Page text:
Crying game: Bulls bring Heat to tears after sweeping season series
RICK MORRISSEY firstname.lastname@example.org March 6, 2011 10:40PM
Updated: September 24, 2012 6:25AM
After a loss to the Bulls on Sunday, Miami coach Erik Spoelstra said “a couple of guys” were crying in the locker room.
For his sake, I hope it was the Big Three of the trainer, the ballboy and the physical therapist. If Spoelstra has players crying after a game in early March, I can’t imagine what he’s going to encounter in the locker room when the Bulls beat the Heat in the playoffs.
Actually, yes, I can. It will look like an audience that just finished watching “The Notebook.’’
There is nothing wrong with crying. Speaker of the House John Boehner is an inveterate crier. People cry on “The Oprah Winfrey Show” all the time.
But NBA players after a loss in March? Really?
If so, the Bulls can cross the Heat off their to-do list. Now, if they can only figure out what activates the Celtics’ sprinkler system.
But something doesn’t add up here. Grizzled pros + regular-season game = tears? I’m having a hard time buying it, but I’m having a harder time understanding why Spoelstra would make up such a thing. For what gain?
Well, if he wanted to take away from the Bulls’ 87-86 victory, mission partially accomplished. I just spent seven paragraphs trying to make sense of what happened after the game.
But nothing can erase the fact that the Bulls now have bigger things on their minds than Miami and its emotional state.
‘Champs’ has a nice ring to it
Instead of chanting “M-V-P, M-V-P’’ for Derrick Rose, maybe Bulls fans should start chanting “NBA Champs, NBA Champs’’ for their team.
That would have been considered delusional at the beginning of the season and wishful thinking a month or so later, but not anymore, not after the way the Bulls have handled themselves against the top teams in the league and especially not after the way they handled themselves Sunday in Miami.
You can probably come up with reasons why the Bulls won’t win an NBA title this year, but none of them will be debate-enders.
There’s no compelling reason they can’t do this crazy, previously unthinkable thing.
“We can play, man,’’ Rose said.
And that’s really the simple truth about this ridiculously hardworking team, isn’t it? Man, can these guys play.
The victory over the Heat said a lot of things, most of them having to do with the fact that the Bulls are the better squad. But it also reinforced the idea that you can’t throw three superstars together and expect them to run away with an NBA title.
There’s something comforting in that. It means that all the work Rose, Joakim Noah and the much-maligned Luol Deng put in together the last few years means something in terms of “team,’’ that underappreciated concept. It means that Carlos Boozer has done a great job of meshing his considerable talents with his new teammates’ skills.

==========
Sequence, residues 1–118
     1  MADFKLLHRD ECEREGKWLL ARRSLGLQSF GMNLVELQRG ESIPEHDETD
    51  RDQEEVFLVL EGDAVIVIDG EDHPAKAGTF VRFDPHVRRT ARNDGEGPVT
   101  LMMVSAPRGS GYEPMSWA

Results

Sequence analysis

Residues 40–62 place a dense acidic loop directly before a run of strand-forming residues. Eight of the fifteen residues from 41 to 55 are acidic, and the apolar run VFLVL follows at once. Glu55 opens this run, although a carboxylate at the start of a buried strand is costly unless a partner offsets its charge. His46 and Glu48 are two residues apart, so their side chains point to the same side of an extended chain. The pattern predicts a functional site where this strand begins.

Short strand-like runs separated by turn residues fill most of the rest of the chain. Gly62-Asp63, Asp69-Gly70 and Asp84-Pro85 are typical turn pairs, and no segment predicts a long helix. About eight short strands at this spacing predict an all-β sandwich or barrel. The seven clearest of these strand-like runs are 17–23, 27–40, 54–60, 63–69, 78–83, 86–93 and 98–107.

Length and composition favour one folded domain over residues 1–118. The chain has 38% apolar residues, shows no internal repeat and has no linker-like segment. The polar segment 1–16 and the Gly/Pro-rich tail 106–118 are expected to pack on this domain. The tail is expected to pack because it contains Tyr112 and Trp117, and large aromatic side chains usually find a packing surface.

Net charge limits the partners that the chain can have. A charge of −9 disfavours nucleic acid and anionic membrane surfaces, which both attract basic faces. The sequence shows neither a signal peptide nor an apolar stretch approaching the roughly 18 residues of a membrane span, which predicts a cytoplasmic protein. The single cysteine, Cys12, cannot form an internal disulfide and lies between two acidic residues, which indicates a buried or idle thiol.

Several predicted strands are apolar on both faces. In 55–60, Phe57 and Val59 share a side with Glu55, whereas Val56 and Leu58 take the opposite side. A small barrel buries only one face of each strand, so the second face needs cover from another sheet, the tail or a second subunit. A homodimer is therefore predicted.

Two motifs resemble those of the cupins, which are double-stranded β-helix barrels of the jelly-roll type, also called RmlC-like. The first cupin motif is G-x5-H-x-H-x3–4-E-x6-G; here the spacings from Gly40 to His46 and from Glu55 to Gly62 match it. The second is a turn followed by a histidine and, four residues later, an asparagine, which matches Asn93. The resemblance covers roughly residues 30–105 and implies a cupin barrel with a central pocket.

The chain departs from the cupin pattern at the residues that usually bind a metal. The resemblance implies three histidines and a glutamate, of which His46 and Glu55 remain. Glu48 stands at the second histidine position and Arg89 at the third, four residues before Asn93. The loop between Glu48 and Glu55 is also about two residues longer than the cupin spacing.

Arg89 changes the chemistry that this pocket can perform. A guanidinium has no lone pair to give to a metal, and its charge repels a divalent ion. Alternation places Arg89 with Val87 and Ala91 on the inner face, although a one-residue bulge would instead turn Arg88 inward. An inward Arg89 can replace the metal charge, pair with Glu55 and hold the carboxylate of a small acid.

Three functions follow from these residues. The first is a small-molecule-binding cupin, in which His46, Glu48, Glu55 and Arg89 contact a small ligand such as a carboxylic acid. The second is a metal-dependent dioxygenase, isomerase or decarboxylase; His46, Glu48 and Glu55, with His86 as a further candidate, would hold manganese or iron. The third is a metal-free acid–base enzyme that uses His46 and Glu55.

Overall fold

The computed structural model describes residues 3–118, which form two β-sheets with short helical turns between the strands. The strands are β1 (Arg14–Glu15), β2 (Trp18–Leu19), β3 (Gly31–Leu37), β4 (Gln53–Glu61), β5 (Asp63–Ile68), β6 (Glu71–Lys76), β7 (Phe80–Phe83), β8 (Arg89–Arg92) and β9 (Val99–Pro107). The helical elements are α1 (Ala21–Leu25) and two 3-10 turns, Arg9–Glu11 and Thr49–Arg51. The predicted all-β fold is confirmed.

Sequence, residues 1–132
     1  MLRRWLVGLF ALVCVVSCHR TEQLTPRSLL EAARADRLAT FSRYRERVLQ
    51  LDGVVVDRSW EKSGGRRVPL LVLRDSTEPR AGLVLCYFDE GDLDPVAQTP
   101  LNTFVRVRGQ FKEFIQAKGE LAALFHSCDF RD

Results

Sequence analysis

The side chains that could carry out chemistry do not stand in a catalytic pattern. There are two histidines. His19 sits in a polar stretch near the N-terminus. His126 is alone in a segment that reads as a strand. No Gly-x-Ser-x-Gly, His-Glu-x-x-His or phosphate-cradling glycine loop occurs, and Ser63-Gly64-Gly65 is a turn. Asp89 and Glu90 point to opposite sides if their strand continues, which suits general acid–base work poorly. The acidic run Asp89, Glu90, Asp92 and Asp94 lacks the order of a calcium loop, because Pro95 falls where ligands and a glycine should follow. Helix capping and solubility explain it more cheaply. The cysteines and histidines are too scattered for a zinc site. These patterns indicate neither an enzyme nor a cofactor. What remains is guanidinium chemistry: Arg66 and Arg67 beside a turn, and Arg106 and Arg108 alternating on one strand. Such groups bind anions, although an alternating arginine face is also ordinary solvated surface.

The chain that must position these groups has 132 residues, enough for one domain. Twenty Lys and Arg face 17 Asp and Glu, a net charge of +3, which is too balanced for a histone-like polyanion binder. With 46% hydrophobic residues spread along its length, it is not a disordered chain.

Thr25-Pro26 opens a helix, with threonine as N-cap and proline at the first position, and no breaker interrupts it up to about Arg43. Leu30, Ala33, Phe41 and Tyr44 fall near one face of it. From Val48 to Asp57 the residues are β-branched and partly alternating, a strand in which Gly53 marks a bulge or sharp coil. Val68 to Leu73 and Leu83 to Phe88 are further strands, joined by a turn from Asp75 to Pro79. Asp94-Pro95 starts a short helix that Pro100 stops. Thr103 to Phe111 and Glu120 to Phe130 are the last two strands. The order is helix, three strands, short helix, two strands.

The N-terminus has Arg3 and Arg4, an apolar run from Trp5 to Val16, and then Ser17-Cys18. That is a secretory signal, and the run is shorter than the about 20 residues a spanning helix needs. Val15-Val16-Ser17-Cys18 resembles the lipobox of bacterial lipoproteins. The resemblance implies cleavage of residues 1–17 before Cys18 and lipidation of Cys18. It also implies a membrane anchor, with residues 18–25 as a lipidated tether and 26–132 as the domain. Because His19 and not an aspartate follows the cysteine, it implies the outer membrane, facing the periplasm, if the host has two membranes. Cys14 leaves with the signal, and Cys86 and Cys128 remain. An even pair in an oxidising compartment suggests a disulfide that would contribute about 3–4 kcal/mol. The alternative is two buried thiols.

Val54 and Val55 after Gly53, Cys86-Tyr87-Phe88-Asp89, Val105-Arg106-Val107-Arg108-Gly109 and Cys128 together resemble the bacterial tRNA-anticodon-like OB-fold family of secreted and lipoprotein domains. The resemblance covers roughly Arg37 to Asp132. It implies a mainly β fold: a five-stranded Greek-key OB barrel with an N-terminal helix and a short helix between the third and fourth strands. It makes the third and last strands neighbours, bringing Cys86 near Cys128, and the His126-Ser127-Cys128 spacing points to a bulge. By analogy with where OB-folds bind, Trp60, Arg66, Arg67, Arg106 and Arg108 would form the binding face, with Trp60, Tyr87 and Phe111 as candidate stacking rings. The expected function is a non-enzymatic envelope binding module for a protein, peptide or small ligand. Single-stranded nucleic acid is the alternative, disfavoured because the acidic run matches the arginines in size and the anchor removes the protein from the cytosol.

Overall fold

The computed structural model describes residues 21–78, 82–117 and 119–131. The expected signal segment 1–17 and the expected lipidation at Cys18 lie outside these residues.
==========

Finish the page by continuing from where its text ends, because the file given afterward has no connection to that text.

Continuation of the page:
Heat could have the wrong mix
And what about the three-headed monster of LeBron James, Dwyane Wade and Chris Bosh? It’s called paying your dues together, and so far they haven’t had enough time to do it. Or — and this is the scary possibility for the Heat — perhaps their talents don’t blend well enough for a championship.
That certainly could induce early-onset tears.
What’s undeniable is that everything Miami does is watched carefully. People are constantly looking for stress fractures. The Bulls, on the other hand, have had the luxury of not living their lives on a microscope slide.
With the Bulls up by a point in the closing seconds Sunday, Noah hermetically attached himself to James, who drove to the basket and missed. The rebound went to Wade, who missed a shot from the corner. Keith Bogans rebounded the ball for the team that doesn’t boast a Big Three. Game over.
The Bulls, with the second-best record in the Eastern Conference, have won nine of their last 11 games. The Heat has lost four in a row.
The Bulls are 8-4 against the top six teams in the NBA. The Heat is 1-9.
The Bulls have Derrick Rose. The Heat doesn’t.
You can’t teach the things that Rose does at the speed he does them. In the third quarter, he sliced through Wade and James for a sweet left-handed layup. Just to be clear: He wasn’t slicing through Steve Nash and Carmelo Anthony, who play defense like laundry on a clothesline.
Rose has something Wade doesn’t have — Chicago — and the guess here is that their rivalry is going to get nastier as time goes on. According to Slam magazine, when Rose hit a big shot over Wade at the United Center last month, he screamed, “This is my [house]!’’ What did he actually say in that parenthetical? Let’s put it this way: If the house had an address, it would be No. 2.
Wade and James couldn’t coax a victory when it counted Sunday. Wade had said beforehand that the two of them needed to do a better job of finishing off games. He was right, of course, but just because he knew that didn’t mean he’d be able to do it against the best defensive team in the NBA.
The Bulls frustrate opponents. They play hard almost all the time. They crash the boards. Wade and James spent the last eight minutes of the game griping about every call that didn’t go their way. The Bulls will do that to you.
As part of the league’s Hispanic marketing campaign, the Bulls wore “Los Bulls’’ jerseys Sunday, the Heat “El Heat’’ jerseys.
What’s Spanish for, “The Heat sure can bawl”?